Minnesota Father’s Rights group advocates for more time between father and children.
The Associated Press recently wrote an article highlighting a movement that has been popping up in various states, including our own Minnesota, which is to increase the presumption of time each parent has with their child.
Presumption of Parenting Time
It may come as a surprise but if you get divorced or have a child out of wedlock with a person, there is a presumption in Minnesota that one parent will have at least 25% of the parenting time (with the other having, obviously 75%). Side note: a presumption under the law is a term of art, that means it is not just a word that can be interchanged with other words, but is a precise legal definition, which is the Judge will look at a case assuming that one party will get at least 25% of parenting time unless it can be proven that it is not the best interest of the child not to be with that parent that amount of time. In which case we call that rebutting the presumption.
Last year in Minnesota this movement was started (at least it was the first I heard about it) by trying to increase the presumption to at least 35%. The measure passed the MN house and MN senate but was vetoed by Governor Dayton. The MN State Bar Association took the position to oppose it, but that’s not to say many family lawyers didn’t support it. You can Imagine the heated debate us lawyers got into over that.
Good or bad for the kids?
Is it good or bad for children? I’ve no idea. I’m a divorce lawyer not a child psychologist. but what I do know is that depending in who my client is I can find a psychologist to say that a true 50-50 split is good or bad for the kids! It’s not settled by a long shot what the impact of various percentages of parenting time. NOTE: whenever I do a post on what is loosely categorized as father’s rights I tend to get pretty heated emails on both sides, so before you send me a few studies sporting you position, I will say that I am neutral on tis topic, because I have to be. I represent both mothers and fathers and I don’t have horse in this race.
Is it just about the money?
One argument is that the increase of time for one parent ( typically dads) is done primarily for financial reasons, usually to decrease what dad pays. Obvious, every case is very unique, but I can tell you that after being a divorce lawyer for 13 years now, when I hear dad say ” I want 50-50 and its not about the money” we’ll, it’s almost always about the money. I don’t blame the dads, heck if I got divorced I would certainly not enjoy paying child support! But, as the saying goes a few bad apples spoil the barrel is never more true than here.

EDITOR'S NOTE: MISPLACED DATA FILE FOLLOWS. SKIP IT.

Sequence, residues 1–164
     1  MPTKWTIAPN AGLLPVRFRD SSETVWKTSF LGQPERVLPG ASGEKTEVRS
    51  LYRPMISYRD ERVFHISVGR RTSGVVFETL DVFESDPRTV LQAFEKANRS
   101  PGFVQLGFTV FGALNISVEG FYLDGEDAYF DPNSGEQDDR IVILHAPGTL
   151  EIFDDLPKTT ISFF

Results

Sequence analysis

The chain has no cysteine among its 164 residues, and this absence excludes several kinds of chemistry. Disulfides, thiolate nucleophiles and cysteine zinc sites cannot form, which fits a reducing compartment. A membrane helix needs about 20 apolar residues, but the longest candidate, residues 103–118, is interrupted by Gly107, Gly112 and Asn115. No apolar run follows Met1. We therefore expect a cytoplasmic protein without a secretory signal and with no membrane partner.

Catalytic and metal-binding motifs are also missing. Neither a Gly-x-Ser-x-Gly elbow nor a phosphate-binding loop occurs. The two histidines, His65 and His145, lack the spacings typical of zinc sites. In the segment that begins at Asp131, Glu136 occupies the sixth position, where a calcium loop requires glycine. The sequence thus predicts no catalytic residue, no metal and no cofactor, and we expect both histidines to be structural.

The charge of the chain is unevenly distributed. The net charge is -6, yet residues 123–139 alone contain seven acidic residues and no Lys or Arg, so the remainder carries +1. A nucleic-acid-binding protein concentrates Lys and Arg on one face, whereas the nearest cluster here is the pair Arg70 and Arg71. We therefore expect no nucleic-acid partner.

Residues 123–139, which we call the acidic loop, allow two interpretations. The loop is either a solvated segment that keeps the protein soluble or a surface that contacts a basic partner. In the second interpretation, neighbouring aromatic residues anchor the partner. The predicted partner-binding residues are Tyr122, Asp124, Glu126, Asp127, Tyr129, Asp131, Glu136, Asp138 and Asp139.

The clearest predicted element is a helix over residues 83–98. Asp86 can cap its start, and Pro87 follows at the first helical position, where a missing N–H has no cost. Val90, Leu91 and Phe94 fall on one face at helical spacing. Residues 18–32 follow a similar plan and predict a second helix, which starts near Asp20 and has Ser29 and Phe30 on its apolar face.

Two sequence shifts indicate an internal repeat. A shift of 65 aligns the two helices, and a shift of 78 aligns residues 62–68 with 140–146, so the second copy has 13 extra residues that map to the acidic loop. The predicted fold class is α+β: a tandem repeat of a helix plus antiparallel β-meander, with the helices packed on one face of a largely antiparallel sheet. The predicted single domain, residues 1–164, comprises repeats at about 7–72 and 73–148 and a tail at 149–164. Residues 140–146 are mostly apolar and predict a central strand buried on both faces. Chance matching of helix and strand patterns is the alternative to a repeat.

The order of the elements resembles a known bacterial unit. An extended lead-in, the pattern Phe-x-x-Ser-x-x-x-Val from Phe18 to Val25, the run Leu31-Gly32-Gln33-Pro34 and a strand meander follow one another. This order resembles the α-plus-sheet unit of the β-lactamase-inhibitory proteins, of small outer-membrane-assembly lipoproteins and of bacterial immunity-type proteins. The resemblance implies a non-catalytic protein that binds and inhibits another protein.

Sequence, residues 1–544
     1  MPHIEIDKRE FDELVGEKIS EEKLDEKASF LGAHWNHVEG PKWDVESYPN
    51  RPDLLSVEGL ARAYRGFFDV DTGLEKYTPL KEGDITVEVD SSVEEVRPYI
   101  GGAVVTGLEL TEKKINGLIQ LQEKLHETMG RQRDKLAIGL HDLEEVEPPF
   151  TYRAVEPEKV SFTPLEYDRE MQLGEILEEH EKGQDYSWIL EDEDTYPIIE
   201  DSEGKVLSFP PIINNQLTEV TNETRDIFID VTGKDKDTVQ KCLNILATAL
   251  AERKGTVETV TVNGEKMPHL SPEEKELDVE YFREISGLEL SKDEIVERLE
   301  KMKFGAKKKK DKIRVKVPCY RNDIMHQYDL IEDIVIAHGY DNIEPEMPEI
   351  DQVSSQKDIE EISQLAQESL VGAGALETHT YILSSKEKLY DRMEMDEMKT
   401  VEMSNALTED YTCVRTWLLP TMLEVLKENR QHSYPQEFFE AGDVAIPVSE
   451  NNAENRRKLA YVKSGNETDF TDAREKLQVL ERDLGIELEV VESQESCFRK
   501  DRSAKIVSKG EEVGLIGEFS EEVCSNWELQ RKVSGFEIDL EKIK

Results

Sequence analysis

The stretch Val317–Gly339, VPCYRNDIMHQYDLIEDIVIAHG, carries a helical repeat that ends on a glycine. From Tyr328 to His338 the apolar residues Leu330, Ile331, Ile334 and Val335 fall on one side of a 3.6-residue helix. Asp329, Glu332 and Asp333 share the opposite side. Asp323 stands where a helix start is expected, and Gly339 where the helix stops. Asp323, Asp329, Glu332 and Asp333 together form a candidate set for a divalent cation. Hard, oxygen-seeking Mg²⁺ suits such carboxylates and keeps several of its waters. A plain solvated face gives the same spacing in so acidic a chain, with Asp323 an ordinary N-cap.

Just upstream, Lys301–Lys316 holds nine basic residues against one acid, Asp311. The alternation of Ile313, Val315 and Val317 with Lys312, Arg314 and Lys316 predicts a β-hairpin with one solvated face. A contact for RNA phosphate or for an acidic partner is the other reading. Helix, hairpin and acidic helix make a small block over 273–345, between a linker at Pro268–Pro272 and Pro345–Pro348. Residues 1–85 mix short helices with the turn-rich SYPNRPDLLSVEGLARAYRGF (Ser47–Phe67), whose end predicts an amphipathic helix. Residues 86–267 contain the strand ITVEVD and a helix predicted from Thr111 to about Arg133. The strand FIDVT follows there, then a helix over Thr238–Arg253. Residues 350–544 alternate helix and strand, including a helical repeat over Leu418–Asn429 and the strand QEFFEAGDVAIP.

When we go to court and the father talks about 50-50 and equal parenting time, many times you can see the judges eyes roll. Why? Because the Judge has no doubt seen this many times before, where dad gets 50-50 custody and then pawns the kids off on grandma, grandpa, daycare, girlfriend or sitters. Unfortunately, it’s just very common these days and I think most judges who have been on the bench for awhile get a little skeptical when they hear fathers talk about equal time.
Ok, so what does that mean to you, as a person going through this? Or hoping to modify custody? Well, not a lot. Typically when the law changes it is not necessarily retroactive in the sense that you could bring a motion and ask for an additional 10% of time. A good example of this was the big change in child support laws which were 1) gradually phased in over two years and 2) a person could not change child support based solely on is new law.
Information obtained in mankatofamilylaw.com may contain knowledgable content about Minnesota Family Law that may be considered beneficial to some; however, in no way should this website or its contents be considered legal advice. Mr. Kohlmeyer is a Minnesota licensed Attorney and cannot provide legal services or guidance to those outside of Minnesota. If you wish to retain Mr. Kohlmeyer as your Attorney in your Family Law matter, contact 507-205-9736.
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Divorce is not good for children. It may harm child future and child growth.
Thanks though – this generally a great informative article and I’m glad to have found it and for you time and explanations. It’s easy (for me) to pick holes in a failing system – much harder to raise and address the issues as you have – much appreciated.
You make good points. The way I look at is this: a client who goes to a personal injury lawyer isn’t expecting the lawyer to treat their medical needs. The same is true that a criminal defense lawyer’s client doesn’t expect to be treated for say Chemical Dependency issues.
I think the same is true for family law attorneys most, at least myself, simply are not trained the same way a family counselor or licensed psychologist is. That’s not to say divorce lawyer shouldn’t help the best they can, perhaps telling the client of what could be destructive behaviors and recommending they seek help.
Thanks for the comment.
1) “where dad gets 50-50 custody and then pawns the kids off on grandma, grandpa, daycare, girlfriend or sitters”
This is exactly what the mother does.
2) “Is it good or bad for children? I’ve no idea. I’m a divorce lawyer not a child psychologist”
A child psychologist is an advisor only – the true/false good/bad decisions are made by lawyers into a law.
Passing the buck from lawyers to experts is no excuse for passing my kids around, I’m sorry. The legal profession needs to start taking some responsibility and acting accordingly – it certainly has no excuse for a shortage of funds to do this properly and being time poor is just shows appalling organisational flaws after the Information Revolution we’ve just been through.
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